- What drives you, personally, to work so much? Does working make you feel necessary? Is it important for you to impress others? Is work a critical part of your identity? Are you worried about financial security? Do you like to do things perfectly every time? Were your parents, mentors, or idols workaholics, too?
15 ways to stop overworking
Remember, this is not a checklist, you don’t have to do them all. Just pick 1-3 to start with and commit to making progress. (Yes, it IS possible work too hard on trying to stop overworking!)
1-4: Define your overall life priorities
Spend some time thinking about how you want to spend your life.
- Identify what’s most important to you. Set your work goals around your life priorities—not the other way around. If friends, family, health, or other interests are more important than work, plan accordingly.
- Adjust expectations. Maybe you’ll never win a Nobel Prize, but that’s ok if you have a life you love. And, try to leave your perfectionism behind—not every email or report has to be a masterpiece.
- Stop comparing yourself to others. Just focus on your own goals. Other people are likely suffering from overworking, too. You do you.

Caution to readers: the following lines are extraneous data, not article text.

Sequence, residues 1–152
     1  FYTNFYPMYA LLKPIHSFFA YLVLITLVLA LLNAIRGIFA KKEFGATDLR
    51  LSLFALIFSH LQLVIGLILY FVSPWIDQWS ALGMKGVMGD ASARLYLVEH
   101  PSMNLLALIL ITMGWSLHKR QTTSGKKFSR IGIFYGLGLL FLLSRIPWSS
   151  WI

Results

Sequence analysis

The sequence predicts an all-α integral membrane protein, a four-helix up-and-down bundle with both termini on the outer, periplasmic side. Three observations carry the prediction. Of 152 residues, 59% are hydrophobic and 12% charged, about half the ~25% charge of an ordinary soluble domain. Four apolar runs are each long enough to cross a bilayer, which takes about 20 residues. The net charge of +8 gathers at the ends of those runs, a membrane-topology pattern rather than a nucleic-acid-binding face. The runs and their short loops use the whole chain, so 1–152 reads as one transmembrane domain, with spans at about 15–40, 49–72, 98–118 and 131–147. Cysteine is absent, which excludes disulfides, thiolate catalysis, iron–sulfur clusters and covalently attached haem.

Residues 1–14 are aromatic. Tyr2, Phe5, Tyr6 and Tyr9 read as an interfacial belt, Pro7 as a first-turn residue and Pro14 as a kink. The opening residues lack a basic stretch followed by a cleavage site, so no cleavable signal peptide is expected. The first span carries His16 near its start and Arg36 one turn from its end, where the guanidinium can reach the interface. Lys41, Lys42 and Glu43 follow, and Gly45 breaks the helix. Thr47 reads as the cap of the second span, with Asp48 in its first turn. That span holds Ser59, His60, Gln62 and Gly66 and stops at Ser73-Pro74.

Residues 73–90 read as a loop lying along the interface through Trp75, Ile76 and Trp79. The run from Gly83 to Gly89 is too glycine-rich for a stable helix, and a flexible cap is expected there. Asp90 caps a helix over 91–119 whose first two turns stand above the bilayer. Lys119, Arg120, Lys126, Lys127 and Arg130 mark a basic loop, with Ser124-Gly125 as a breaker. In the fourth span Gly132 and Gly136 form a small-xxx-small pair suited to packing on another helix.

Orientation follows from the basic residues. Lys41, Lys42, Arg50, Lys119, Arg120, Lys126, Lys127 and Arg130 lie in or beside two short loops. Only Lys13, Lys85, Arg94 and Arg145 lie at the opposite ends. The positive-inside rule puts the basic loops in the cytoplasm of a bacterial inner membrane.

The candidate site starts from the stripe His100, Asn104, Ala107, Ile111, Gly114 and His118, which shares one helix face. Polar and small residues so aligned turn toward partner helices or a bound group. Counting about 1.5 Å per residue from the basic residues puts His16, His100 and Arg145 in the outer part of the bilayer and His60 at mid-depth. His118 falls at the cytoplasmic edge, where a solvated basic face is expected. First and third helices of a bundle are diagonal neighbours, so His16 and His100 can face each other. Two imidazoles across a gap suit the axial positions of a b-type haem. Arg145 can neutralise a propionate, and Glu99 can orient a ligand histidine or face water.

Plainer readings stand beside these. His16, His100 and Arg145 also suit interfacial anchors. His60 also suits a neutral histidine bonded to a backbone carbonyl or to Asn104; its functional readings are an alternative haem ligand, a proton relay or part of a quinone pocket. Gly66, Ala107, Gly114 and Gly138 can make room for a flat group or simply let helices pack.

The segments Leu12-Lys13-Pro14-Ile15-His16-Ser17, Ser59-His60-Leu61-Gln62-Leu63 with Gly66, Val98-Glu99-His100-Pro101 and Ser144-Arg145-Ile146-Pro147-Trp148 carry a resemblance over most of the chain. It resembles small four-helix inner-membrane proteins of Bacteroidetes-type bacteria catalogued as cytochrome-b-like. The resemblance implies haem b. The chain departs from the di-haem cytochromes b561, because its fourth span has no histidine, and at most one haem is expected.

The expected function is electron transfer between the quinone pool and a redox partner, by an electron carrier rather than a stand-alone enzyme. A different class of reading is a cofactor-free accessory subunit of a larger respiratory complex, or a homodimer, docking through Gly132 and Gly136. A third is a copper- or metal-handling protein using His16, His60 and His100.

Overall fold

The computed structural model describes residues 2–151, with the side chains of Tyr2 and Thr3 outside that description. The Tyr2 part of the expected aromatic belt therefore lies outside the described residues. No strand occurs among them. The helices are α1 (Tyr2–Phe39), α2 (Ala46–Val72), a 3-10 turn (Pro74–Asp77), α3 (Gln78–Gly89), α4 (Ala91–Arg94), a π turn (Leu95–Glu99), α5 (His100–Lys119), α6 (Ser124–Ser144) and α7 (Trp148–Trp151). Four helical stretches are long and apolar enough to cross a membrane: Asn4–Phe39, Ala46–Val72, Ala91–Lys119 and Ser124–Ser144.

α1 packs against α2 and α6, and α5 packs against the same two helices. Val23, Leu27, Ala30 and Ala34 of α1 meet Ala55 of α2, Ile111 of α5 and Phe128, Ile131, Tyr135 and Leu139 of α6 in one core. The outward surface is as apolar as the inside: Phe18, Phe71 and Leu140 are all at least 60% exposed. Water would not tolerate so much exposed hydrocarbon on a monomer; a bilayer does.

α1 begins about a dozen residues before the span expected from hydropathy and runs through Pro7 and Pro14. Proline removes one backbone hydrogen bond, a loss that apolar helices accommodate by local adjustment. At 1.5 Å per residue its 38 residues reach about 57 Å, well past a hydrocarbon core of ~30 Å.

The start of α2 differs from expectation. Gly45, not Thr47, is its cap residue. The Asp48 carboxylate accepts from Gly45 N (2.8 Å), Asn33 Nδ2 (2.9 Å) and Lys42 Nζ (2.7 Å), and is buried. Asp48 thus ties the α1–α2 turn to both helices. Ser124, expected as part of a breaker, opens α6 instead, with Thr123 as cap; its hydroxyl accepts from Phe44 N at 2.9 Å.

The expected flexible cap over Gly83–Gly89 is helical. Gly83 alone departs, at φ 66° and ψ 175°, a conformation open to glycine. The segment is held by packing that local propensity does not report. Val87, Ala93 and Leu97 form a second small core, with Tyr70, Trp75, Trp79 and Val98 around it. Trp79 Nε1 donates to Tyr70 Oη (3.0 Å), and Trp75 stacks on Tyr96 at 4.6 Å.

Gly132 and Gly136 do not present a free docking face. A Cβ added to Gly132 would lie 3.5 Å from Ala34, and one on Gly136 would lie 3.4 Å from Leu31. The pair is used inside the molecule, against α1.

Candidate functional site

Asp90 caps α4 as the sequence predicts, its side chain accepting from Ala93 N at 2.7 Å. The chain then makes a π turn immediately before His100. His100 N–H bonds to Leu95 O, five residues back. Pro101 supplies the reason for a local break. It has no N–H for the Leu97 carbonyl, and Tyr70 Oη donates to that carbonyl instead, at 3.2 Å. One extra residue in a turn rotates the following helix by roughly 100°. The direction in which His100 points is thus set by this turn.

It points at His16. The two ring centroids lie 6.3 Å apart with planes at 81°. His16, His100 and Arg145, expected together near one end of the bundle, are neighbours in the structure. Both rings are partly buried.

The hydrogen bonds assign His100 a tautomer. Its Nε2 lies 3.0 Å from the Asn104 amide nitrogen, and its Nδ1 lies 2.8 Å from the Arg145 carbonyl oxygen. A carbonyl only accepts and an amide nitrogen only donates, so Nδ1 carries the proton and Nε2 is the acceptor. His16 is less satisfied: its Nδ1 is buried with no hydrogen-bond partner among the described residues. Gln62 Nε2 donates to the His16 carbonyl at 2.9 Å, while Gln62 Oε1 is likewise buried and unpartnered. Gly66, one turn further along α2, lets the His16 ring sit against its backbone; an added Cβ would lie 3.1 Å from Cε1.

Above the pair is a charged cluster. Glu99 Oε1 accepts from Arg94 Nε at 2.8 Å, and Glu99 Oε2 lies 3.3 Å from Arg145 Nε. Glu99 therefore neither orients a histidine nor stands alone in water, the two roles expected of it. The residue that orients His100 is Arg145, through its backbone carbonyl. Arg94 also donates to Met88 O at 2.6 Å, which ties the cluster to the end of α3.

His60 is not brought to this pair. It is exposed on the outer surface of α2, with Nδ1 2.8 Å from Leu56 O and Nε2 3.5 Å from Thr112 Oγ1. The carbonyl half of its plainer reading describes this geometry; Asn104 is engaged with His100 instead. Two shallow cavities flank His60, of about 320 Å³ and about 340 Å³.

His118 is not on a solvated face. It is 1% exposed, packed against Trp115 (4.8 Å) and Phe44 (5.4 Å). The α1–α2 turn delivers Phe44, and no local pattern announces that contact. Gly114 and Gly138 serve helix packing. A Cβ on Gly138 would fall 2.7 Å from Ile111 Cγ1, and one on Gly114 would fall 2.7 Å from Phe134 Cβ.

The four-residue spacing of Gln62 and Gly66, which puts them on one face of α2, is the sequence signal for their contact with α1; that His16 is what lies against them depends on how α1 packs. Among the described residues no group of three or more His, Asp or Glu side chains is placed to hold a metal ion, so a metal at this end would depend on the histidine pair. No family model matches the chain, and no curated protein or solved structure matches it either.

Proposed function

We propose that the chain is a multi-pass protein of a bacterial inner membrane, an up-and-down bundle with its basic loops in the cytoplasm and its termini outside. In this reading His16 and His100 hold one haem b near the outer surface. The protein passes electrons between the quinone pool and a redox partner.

- Tell your friends. Keep yourself accountable by telling your family, friends, and colleagues about your goals and priorities. Ask them to point out when you’re going down the overworking rabbit hole.
5-11: Make changes at work
To proactively advocate for your wellbeing at work, you can:
- Talk to your boss. Propose ideas that help you scale back your hours without sacrificing productivity.
- Ask for help. Whether you need to redistribute your workload or brush up on some skills, your coworkers might be the answer.
- Prioritize your projects. Get clear on what’s most important to achieve each day and focus your efforts there.
- Say “no” or negotiate. If you know you won’t be able to complete a task without working overtime, negotiate a smaller scope of work, propose a more reasonable timeline, or don’t take it on at all.
- Define your hours of availability. Let your coworkers know when you’re working, when you’ll take calls, and when you’re off-limits.